Nigeria is responding to successive yellow fever outbreaks, with nearly a three-fold increase in number of confirmed cases in 2019 compared to 2018, suggesting intensification of yellow fever virus transmission. Additionally, there have been cases reported in parts of the country that have confirmed cases for the first time since the outbreak started in September 2017. From 1 January through 10 December 2019, a total of 4,189 suspected yellow fever cases were reported from 604 of 774 Local Government Area (LGAs) across all the 36 states and the Federal Capital Territory in Nigeria.
Of the total 3,547 samples taken, 207 tested positive for yellow fever by Immunoglobulin M (IgM) in Nigerian network laboratories. In addition, 197 samples from 19 states were confirmed positive using reverse transcriptase polymerase chain reaction (RT-PCR). The case fatality rate for all cases (including suspected, probable and confirmed) is 5.1%, and 12.2% for confirmed cases.
Sixty-eight per cent (134 cases) of the total (197 cases) confirmed cases were reported from four states, including Bauchi, Katsina, Edo and Ebonyi. Cases in Edo state have declined after a reactive vaccination campaign in late 2018. From 1 January through 10 December 2019, a total of 115 confirmed cases and 23 deaths were reported from Bauchi (62 cases), Katsina (38 cases) and Benue (15 cases). These cases tested positive by RT-PCR at national laboratories and/or RT-PCR and serologic tests at a regional reference laboratory, Institute Pasteur Dakar (IPD). Further epidemiological investigations are underway.
Public health response
The outbreak response activities are being coordinated by a multi-agency yellow fever Incident Management System (IMS). On 5 November 2019, an Emergency Operations Centre (EOC) was activated for the third time, in response to the upsurge of confirmed yellow fever cases reported in a wide-geographic distribution including Bauchi, Benue and Katsina. A national rapid response team has been deployed to Bauchi and other affected states to support the outbreak response activities including surveillance, case management support and risk communications.
In addition to the existing laboratories in the country, new and operational laboratories have been added to the national laboratory network in Abuja, Edo and Enugu states.
A targeted response has been implemented in Alkaleri Local Government area (LGA) in Bauchi state. However, reports of ongoing transmission indicate that more vaccination and a wider geographical scope is needed. Katsina state has recently completed a state-wide preventive mass vaccination campaign; however, challenges linked to vaccine accountability and access to security-compromised areas may result in pockets of populations with immunity gaps. Risk of spread through population movements exist in neighbouring Kano and Kaduna states where population immunity is low.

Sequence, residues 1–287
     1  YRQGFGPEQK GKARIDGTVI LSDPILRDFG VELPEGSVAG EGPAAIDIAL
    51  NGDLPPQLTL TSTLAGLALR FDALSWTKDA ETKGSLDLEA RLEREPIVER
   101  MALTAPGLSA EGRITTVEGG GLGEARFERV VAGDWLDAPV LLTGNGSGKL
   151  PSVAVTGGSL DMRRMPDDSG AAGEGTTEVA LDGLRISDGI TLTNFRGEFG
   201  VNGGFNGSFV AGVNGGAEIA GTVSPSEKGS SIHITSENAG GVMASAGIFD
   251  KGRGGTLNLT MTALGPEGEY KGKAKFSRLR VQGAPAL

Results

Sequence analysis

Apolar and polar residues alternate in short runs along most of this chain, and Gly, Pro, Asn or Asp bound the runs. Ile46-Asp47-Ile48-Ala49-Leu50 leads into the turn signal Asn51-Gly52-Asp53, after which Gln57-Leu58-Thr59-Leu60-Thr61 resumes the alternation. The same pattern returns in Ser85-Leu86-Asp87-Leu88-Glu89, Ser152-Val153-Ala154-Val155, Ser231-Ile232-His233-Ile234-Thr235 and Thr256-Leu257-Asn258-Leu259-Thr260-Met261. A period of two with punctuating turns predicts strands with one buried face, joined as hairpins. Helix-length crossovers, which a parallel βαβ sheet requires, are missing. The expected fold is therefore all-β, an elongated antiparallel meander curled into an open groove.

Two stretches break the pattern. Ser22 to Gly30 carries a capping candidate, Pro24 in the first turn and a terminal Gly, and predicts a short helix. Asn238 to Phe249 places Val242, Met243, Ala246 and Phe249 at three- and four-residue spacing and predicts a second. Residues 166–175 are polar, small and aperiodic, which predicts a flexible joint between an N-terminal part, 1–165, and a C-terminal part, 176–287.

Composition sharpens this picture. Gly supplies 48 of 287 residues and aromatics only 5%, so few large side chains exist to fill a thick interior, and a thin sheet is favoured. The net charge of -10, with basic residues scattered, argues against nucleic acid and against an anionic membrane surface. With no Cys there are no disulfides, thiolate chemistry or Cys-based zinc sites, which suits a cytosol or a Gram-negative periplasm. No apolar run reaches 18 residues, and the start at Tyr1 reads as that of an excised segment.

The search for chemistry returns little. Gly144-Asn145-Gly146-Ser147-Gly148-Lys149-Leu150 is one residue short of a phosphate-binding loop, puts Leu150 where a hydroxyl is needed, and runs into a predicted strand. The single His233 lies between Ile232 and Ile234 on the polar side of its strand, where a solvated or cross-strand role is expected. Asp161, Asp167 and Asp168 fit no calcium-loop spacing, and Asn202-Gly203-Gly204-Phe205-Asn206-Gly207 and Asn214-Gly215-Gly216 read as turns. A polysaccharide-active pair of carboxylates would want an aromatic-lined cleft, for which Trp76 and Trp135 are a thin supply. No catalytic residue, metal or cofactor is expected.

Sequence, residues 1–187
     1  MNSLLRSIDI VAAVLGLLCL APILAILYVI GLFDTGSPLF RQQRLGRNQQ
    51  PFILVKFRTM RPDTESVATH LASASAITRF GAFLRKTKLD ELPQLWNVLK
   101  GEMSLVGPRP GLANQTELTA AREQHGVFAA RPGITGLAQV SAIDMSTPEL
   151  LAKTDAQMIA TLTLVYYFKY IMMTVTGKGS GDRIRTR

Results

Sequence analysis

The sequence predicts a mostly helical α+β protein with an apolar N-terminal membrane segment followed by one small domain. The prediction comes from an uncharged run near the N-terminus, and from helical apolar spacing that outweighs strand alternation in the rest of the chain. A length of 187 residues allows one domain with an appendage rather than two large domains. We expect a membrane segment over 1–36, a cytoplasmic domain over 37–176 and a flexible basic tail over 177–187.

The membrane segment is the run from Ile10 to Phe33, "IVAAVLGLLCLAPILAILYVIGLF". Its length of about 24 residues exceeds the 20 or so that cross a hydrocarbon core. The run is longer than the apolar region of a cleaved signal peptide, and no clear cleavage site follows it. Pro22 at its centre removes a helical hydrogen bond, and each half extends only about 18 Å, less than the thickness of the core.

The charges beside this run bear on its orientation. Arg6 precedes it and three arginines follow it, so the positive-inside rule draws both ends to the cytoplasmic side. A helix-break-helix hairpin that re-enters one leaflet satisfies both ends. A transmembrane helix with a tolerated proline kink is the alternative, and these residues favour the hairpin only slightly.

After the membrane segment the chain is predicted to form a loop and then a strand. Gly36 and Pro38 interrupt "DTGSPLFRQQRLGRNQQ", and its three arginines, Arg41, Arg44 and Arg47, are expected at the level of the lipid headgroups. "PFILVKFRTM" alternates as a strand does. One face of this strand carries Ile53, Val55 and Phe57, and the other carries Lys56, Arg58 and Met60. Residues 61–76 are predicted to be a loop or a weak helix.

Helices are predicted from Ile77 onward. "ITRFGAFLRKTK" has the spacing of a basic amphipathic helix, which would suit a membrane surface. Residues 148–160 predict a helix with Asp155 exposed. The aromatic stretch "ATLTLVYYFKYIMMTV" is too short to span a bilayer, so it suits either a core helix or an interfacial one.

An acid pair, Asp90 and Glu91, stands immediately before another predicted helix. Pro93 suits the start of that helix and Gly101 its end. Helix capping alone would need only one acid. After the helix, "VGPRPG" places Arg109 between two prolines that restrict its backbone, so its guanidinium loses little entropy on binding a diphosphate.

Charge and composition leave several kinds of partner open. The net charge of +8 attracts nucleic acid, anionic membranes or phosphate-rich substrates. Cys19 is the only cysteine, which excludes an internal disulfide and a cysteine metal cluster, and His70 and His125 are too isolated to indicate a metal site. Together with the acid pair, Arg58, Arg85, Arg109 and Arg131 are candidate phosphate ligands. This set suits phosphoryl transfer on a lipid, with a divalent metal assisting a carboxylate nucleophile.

Nigeria is considered a high-risk country by the Eliminate Yellow Fever Epidemics (EYE) strategy. By 2024, it is anticipated that all the states in Nigeria will have undergone campaign activities to protect at-risk populations against yellow fever. This plan may be further updated or accelerated based on risk, vaccine and implementation feasibility. The country is in the process of completing a planned phase-3 vaccination campaign in 2019 and evaluating the recently concluded mass vaccination campaign.
WHO risk assessment
The yellow fever outbreak transmissions reported in Bauchi, Benue and Katsina states since August 2019, with spread to multiple other states, represents an intensification of yellow fever transmission and an elevated risk for yellow fever outbreak to spread and amplify. This is particularly a high risk if yellow fever is introduced into densely populated urban areas where preventive mass vaccination campaigns have not been conducted so far. Areas at risk include those without prior reported cases since 2017 and areas with a large number of under-immunized populations including urban areas such as Kano and Lagos. The preventive mass vaccination campaigns for yellow fever and the ongoing effort to strengthen routine immunization are important activities to reduce the risk of disease spread and amplification.